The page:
Some of the traits that will be offered by a populist leader who affirms fascism is a rebirth of a strong National Identity, making a nation strong again, reviving culture, industry, education, and the middle-class values that have sustained it. It is always a populist authoritarian movement that seeks to preserve and restore a former glory to the nation as well as military, social, and religious values based on strong patriarchal roots that center on community of nation, race, and faith. It will treat any opposition as it sees fit to the point of utter abandonment of the norms and laws of the land, seeing in them hindrances that must be circumvented under dire emergencies, etc.. It will seek to cleanse the nation of foreign and domestic threats it perceives as outside the mainstream socio-cultural order it seeks to revive and promote. It will seek to revive an organic wholeness and totality, and expunge and expel those it perceives as outsiders: immigrants, refugees, or aliens in its midst. It will begin by attacking the insiders or establishment who it perceives as decadent, corrupt, and a parasite upon the body of the Nation as a whole. It will also incarcerate and expunge the poor and poverty stricken, enforcing codes of distrust and victimization. It seeks only to bolster up the vast majority of the middle-class workers of all diverse forms. From this point of view, BJP’s rule is perfectly congruent with fascism.

On the Adanis and Guptas, why is it not a collusion of corporate and state power of the past? It is, but with a vectoral shift in axis. The Fascist revolution sought to change the nature of the relationships between the individual and the collective without destroying the impetus of economic activity-the profit motive, or its foundation-private property, or its necessary framework-the market economy. This was one aspect of the novelty of fascism; the Fascist revolution was supported by an economy determined by the laws of-the free-market ideology. The shift in the axis lies precisely in the prerogative the financial capital has over decisions political. The shift in the axis has inverted the priorities of politics and capital. So, the Adanis and Guptas decide the politics rather than the other way round. This is a journey back to some of the basic tenets of political economy, which were seemingly eroded in the first phase of neoliberal era, thanks in large part to Thatcherism and Reaganomics.

Police before the state: This is a complicated relationship and is best understood if one were to dissolve the colloquial use of the word police. Allow me another recourse here to the French Political Philosopher, Ranciere, who puts it most aptly, “I do  to identify the police with what is termed the state apparatus. The notion of state apparatus is in fact bound up with the presupposition of an opposition between state and society in which the state is portrayed as a machine, a cold ‘monster’ imposing rigid order on the life of society. This representation already presupposes a certain ‘political philosophy’, that is, a certain confusion of politics and the police. The distribution of places and roles that defines a police regime stems as much from the assumed spontaneity of social relations as from the rigidity of state functions. The police is essentially the law, generally implicit, that defines a party’s share or lack of it. The police is thus first an order of bodies that defines the allocation of ways of doing, ways of being, and ways of saying, and sees those bodies are assigned by the name to a particular place and task; it is an order of the visible and the sayable that sees that a particular activity is visible and another is not, that this speech is understood as discourse and another as noise. Policing is not so much the ‘disciplining’ of bodies as a rule governing their appearing, a configuration of occupations and the properties of the spaces where these occupations are distributed.” Therefore, by this logic the latency of police’s requisition for running the state is guaranteed. And, do we see any other way, if policing is extended to the notions of ‘moral policing’? I bet not.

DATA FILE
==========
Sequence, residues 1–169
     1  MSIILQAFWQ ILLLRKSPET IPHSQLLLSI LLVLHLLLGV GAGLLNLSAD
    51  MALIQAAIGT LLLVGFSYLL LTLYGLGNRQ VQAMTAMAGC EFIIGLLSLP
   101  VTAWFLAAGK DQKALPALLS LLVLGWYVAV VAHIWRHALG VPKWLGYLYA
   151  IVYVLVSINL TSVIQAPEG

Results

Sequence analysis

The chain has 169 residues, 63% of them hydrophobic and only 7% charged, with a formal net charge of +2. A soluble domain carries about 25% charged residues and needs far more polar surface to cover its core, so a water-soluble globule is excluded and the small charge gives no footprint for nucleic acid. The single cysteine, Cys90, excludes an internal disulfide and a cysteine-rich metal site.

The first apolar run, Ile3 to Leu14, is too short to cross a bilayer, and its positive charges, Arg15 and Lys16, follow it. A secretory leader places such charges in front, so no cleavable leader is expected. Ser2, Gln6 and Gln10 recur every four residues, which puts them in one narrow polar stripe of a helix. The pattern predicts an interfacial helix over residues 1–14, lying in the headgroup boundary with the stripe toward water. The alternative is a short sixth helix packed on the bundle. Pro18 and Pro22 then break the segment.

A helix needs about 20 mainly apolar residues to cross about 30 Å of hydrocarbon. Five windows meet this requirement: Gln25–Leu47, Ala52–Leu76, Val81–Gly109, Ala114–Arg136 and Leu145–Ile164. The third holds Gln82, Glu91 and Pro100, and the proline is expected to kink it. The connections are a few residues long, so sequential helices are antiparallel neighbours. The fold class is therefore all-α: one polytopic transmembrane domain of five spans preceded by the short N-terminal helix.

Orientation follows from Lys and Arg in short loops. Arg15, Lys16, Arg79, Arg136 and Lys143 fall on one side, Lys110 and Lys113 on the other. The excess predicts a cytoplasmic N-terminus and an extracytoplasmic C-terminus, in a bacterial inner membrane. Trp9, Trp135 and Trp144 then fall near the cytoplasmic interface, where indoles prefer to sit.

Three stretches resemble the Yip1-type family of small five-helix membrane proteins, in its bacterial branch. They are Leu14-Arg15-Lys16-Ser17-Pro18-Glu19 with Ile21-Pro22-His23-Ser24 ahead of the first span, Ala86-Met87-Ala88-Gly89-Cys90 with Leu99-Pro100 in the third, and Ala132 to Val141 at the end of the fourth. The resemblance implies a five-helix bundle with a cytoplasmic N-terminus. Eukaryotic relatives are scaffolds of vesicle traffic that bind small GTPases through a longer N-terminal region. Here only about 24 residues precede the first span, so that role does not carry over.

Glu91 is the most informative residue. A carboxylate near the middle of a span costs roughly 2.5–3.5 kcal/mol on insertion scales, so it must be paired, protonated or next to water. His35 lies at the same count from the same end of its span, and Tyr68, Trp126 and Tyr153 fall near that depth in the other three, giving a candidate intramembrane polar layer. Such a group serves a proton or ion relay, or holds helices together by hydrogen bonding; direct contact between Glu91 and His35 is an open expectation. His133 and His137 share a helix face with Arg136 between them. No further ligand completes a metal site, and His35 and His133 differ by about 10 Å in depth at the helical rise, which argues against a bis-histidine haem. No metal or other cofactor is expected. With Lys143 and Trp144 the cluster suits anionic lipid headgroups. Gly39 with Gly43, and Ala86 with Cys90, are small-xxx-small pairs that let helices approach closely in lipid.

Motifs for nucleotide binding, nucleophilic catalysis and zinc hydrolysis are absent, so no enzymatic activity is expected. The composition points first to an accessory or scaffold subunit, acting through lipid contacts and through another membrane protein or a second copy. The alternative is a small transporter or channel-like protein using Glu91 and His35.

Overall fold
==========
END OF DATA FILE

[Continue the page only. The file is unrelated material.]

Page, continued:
Politics as the last resort of scoundrels will defeat the entire purpose of this response, and evidently, there is a strain of polity running throughout this response. Moreover, communication theories across generations have believed in media as the message and politicians of the present-day ruling regime are dramaturgists precisely in their compositions. We have had numerous examples to prove the point in the last one month or so.

Why do I call the Left academicians and practitioners idiots? Substantial segments of the left are in danger of allowing their movement to degenerate into a trite, self-indulgent counter-culture, in which an angry anti-establishment posturing conceals a lack of a positive political programme, and obviously nothing to say about the economic programme. Have we forgotten about the frittered opportunity during the 2008 crash? Globalise Resistance is one of the most visibly popular left-wing campaigns, defined by what they’re against, not what they’re for. Many people on the left are far too ready to draw an artificial moral equivalence between true tyrannies overseas and the very real but usually much milder moral failings of their own leaders and institutions. This is perpetrated by academicians and practitioners, and I am speaking of a very personal set of experience here. And still nothing seems to have changed.